This volume is fourth in the series of annuals created under the auspices of The Association for Feminist Ethics and Social Theory (FEAST). It includes papers by philosophers offering cutting-edge feminist perspectives on ethical issues of global and transnational significance. Feminist approaches to global issues address a great many questions that grip people who are not philosophers, nor even necessarily feminists. These questions include: What are the obligations of global citizenship? How must our concepts of caring, and of human rights, be modified or expanded when applied in a global context? What approach to peacekeeping, if any, underwrites effective peacekeeping missions? Who counts as poor, and who does not? What emotions can motivate sustained, ethical, and effective political action? The topics covered herein-from peacekeeping and terrorism, to sex trafficking and women's paid labor, to poverty and religious fundamentalism-are vital to women and to feminist movements throughout the world.
Peggy DesAutels is associate professor of philosophy at the University of Dayton. She is coeditor of three other books, including Moral Psychology: Feminist Ethics and Social Theory. Rebecca Whisnant is assistant professor of philosophy at the University of Dayton. She is coeditor of Not For Sale: Feminists Resisting Prostitution and Pornography, as well as several articles and chapters in edited collections.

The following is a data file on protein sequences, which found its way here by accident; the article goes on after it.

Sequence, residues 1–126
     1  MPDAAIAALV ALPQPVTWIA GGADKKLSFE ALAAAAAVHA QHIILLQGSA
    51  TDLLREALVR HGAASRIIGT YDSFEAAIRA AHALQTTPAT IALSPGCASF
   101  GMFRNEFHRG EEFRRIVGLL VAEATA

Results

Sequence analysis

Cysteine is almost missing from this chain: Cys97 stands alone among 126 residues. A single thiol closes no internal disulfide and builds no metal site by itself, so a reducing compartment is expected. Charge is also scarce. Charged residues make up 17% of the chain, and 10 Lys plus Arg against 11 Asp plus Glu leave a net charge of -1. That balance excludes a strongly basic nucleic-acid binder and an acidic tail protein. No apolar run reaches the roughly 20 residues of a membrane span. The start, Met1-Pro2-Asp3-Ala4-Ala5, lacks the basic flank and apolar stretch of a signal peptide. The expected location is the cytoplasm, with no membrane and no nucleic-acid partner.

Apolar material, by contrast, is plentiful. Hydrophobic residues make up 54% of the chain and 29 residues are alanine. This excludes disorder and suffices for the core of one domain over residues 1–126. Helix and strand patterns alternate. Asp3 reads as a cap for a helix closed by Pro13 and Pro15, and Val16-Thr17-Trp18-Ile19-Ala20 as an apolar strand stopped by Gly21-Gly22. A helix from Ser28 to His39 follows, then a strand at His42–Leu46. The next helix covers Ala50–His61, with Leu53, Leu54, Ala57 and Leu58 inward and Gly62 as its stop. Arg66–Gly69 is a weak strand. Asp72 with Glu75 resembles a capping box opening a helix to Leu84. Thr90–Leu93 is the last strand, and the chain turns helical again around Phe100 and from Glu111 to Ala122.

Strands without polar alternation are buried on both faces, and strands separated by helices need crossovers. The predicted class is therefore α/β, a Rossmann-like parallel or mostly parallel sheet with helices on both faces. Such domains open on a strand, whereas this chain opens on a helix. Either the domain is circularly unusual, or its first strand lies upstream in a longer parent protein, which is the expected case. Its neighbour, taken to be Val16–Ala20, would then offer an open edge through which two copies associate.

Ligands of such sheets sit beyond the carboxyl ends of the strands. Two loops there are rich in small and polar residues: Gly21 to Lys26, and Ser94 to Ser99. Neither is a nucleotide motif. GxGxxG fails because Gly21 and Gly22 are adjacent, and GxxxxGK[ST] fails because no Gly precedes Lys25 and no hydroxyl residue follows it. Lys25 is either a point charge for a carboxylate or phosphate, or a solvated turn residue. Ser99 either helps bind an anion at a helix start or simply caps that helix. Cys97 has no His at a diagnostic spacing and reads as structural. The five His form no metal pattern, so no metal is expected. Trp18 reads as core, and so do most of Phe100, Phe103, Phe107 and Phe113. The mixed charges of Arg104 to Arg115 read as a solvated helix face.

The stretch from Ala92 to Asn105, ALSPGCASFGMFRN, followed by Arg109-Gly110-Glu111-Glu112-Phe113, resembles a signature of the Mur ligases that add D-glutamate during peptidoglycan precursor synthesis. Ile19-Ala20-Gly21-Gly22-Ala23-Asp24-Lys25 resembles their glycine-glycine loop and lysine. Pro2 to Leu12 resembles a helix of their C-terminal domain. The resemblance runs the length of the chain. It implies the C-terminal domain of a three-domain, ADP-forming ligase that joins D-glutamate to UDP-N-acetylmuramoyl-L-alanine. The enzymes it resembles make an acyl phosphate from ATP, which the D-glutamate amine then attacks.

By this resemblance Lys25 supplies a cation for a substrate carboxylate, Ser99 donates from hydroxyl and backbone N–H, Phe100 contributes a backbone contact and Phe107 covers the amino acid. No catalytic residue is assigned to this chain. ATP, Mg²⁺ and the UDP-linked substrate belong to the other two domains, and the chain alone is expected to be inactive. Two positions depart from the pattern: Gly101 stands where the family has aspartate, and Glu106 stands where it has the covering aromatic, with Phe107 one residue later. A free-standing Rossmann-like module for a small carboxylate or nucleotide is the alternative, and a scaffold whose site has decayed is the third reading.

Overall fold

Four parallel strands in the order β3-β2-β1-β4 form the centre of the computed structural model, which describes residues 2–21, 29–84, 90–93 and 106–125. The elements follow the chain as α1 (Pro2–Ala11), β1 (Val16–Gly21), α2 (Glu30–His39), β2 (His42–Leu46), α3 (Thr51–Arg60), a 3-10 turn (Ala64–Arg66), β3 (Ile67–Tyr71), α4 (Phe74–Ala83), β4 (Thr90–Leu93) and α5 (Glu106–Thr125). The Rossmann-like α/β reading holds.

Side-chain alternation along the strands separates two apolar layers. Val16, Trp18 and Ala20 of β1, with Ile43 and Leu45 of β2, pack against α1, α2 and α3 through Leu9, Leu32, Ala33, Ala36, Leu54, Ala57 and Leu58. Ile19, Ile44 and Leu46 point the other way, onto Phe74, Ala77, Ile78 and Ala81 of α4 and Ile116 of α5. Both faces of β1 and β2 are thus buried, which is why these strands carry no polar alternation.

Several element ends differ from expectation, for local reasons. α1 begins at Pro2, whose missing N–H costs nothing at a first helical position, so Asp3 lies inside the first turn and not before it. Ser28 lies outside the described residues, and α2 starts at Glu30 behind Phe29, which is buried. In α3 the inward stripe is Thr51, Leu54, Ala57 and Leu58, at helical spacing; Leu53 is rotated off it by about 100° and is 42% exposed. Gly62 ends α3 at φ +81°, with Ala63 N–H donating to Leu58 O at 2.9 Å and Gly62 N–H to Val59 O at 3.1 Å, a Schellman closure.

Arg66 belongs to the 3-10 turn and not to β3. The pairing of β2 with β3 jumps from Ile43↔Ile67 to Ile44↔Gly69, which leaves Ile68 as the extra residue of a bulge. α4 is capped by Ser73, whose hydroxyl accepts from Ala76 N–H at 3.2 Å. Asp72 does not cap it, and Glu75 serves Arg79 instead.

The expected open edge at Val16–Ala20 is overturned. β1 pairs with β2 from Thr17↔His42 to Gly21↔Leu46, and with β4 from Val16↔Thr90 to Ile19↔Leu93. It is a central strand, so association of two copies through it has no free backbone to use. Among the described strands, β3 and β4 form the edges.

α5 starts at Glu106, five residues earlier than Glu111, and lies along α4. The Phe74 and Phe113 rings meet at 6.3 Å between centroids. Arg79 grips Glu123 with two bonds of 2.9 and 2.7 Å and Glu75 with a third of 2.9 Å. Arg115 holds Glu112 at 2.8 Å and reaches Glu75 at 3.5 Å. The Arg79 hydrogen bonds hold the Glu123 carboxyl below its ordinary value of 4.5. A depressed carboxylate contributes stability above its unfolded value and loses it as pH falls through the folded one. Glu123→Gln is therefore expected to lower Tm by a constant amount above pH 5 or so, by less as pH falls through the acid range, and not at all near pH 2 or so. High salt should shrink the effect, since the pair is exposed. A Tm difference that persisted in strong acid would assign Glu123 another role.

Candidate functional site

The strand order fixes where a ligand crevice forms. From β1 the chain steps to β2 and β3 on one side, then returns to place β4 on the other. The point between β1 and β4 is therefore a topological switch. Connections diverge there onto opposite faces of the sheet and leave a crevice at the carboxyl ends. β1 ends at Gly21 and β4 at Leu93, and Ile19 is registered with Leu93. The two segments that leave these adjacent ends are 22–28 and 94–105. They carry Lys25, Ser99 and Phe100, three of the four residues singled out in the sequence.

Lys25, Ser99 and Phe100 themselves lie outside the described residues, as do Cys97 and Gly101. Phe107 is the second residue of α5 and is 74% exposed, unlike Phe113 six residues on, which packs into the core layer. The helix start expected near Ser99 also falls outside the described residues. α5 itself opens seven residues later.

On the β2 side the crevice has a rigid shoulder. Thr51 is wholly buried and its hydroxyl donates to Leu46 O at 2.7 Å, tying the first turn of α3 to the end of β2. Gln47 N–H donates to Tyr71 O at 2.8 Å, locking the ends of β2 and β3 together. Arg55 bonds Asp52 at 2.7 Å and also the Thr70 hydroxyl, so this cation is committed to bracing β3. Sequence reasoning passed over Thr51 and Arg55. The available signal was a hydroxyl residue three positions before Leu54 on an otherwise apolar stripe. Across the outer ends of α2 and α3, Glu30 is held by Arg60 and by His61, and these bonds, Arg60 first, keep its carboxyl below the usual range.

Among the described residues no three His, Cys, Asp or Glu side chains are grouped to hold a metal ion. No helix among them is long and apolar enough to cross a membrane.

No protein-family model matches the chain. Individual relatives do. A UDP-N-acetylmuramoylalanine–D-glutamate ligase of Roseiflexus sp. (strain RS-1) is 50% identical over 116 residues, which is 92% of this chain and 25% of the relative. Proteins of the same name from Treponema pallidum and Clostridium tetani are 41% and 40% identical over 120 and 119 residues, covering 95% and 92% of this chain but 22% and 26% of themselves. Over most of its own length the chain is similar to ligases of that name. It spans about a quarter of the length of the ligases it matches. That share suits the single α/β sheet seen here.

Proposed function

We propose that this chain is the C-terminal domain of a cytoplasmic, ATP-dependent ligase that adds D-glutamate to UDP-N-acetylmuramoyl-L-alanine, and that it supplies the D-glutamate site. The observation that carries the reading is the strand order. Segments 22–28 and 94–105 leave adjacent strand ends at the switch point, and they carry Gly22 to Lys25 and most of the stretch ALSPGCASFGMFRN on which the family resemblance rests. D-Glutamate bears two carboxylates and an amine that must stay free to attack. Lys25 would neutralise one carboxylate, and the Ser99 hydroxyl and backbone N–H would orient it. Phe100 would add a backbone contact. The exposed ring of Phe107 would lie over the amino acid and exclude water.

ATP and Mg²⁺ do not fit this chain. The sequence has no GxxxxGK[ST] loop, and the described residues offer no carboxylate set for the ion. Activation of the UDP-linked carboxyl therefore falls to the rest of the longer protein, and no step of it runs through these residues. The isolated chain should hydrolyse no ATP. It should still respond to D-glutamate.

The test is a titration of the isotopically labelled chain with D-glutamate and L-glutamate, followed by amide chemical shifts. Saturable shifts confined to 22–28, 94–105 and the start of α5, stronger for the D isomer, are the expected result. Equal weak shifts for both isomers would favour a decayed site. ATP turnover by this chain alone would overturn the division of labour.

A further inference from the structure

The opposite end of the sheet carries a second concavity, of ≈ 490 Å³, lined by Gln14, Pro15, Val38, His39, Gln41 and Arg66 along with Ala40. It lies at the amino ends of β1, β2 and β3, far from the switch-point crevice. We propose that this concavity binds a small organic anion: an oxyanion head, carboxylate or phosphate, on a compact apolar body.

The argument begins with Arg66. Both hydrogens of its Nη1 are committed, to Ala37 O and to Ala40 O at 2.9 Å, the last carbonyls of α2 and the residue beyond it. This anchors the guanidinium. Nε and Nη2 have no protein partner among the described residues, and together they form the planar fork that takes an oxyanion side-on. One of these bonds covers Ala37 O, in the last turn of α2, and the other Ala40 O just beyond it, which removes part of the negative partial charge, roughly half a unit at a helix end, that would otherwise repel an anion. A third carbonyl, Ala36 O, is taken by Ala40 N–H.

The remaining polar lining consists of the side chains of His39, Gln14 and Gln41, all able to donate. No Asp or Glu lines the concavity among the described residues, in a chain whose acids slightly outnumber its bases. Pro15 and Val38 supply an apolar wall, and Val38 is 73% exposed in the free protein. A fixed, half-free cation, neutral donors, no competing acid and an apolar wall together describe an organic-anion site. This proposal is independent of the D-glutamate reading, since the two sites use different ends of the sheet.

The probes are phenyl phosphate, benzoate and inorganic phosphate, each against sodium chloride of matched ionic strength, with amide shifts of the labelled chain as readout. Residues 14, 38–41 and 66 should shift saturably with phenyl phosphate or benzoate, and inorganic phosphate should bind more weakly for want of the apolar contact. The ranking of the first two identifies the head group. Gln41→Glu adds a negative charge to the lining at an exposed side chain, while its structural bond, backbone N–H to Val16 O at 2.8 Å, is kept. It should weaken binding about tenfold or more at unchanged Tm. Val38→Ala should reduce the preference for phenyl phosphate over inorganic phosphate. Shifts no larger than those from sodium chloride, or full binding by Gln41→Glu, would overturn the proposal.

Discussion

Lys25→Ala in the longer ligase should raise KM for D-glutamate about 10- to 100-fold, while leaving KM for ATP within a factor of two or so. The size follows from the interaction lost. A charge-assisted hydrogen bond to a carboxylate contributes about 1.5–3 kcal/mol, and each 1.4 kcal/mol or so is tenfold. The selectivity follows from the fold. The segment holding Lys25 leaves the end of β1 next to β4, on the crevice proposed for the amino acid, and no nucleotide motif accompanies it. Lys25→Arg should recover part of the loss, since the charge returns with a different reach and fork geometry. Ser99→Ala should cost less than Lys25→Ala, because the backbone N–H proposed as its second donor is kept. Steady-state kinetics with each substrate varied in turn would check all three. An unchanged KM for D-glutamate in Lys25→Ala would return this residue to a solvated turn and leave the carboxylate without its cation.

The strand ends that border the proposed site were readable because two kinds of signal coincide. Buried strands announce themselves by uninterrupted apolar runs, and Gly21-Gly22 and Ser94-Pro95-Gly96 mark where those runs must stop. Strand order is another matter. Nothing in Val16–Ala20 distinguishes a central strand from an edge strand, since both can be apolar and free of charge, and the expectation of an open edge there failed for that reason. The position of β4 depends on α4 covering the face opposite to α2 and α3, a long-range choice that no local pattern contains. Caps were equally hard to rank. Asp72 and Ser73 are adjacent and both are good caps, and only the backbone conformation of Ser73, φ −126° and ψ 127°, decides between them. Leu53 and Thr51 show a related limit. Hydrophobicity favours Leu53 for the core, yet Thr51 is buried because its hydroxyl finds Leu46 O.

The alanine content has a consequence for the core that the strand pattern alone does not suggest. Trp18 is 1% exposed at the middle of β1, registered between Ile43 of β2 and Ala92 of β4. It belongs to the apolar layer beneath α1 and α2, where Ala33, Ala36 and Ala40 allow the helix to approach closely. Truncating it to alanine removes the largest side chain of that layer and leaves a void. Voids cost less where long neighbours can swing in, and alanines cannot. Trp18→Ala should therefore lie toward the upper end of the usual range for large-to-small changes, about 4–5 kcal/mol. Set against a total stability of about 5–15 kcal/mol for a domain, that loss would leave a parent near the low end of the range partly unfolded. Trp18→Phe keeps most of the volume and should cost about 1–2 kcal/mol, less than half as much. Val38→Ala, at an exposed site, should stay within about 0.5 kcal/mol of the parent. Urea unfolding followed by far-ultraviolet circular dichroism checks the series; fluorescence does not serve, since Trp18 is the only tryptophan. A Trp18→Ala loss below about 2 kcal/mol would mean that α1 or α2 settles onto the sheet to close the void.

Part 1 Introduction Part 2 Part 1:Women's Activities, Responsibilities, and Identities Chapter 3 Chapter 1: Exporting Childbirth Chapter 4 Chapter 2:Housekeepers and Nannies in the Homework Economy: On the Morality and Politics of Paid Housework Chapter 5 Chapter 3: Gender Identity and The Ethics of Care in Globalized Society Part 6 Part 2:Addressing Hunger and Poverty Chapter 7 Chapter 4:Caring Globally: Jane Addams, World War One, and International Hunger Chapter 8 Chapter 5: Food Fights: A Feminist Perspective Chapter 9 Chapter 6:What is Poverty? Part 10 Part 3:Persons and States Chapter 11 Chapter 7:Nussbaum versus Rawls: Should Feminist Human Rights Advocates Reject the Law of Peoples? Chapter 12 Chapter 8: When Being Human Isn't Enough: Reflections on Women's Human Rights Chapter 13 Chapter 9: "A Woman's Body is Like a Foreign Country": Thinking About National and Bodily Sovereignty Part 14 Part 4:Political and Religious Conflict Chapter 15 Chapter 10: Is Peacekeeping Care Work? A Feminist Reflection on "The Responsibility to Protect" Chapter 16 Chapter 11:From Hegelian Terror to Everyday Courage Chapter 17 Chapter 12:Praying for a Godly Fumigation: Disgust and the New Christian Right